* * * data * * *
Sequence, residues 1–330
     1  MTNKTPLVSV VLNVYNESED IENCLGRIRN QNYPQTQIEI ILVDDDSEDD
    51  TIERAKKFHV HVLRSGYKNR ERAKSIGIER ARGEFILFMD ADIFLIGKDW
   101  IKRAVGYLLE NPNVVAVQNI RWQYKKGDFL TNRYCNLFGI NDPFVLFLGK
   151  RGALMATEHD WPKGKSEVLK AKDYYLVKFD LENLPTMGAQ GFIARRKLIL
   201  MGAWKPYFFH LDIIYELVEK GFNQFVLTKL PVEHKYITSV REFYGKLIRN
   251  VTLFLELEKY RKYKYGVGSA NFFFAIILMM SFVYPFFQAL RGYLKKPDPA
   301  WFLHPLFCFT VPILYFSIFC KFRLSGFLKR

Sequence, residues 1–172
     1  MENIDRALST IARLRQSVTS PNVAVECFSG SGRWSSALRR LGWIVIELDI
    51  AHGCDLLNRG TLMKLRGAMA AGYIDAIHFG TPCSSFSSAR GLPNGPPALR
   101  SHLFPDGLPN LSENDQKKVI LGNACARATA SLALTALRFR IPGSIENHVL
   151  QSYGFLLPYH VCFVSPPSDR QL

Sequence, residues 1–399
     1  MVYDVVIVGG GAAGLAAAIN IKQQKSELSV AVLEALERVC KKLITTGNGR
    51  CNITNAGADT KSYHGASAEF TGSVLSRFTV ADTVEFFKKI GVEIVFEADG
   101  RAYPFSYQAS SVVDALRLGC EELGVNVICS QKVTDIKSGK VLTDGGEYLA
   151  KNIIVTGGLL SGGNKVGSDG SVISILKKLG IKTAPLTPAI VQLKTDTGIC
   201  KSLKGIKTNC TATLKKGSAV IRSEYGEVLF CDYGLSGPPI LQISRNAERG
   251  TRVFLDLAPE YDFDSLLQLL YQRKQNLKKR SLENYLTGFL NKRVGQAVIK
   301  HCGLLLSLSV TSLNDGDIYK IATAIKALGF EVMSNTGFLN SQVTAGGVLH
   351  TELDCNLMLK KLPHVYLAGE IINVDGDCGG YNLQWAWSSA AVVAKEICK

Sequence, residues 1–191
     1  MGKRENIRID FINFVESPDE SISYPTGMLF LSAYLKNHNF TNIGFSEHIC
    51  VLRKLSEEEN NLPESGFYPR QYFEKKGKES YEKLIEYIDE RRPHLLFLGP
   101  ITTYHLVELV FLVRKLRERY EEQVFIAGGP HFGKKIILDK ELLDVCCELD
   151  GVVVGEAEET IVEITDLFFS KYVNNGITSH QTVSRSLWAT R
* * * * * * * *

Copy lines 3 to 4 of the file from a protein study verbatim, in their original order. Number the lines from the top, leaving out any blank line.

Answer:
    51  TIERAKKFHV HVLRSGYKNR ERAKSIGIER ARGEFILFMD ADIFLIGKDW
   101  IKRAVGYLLE NPNVVAVQNI RWQYKKGDFL TNRYCNLFGI NDPFVLFLGK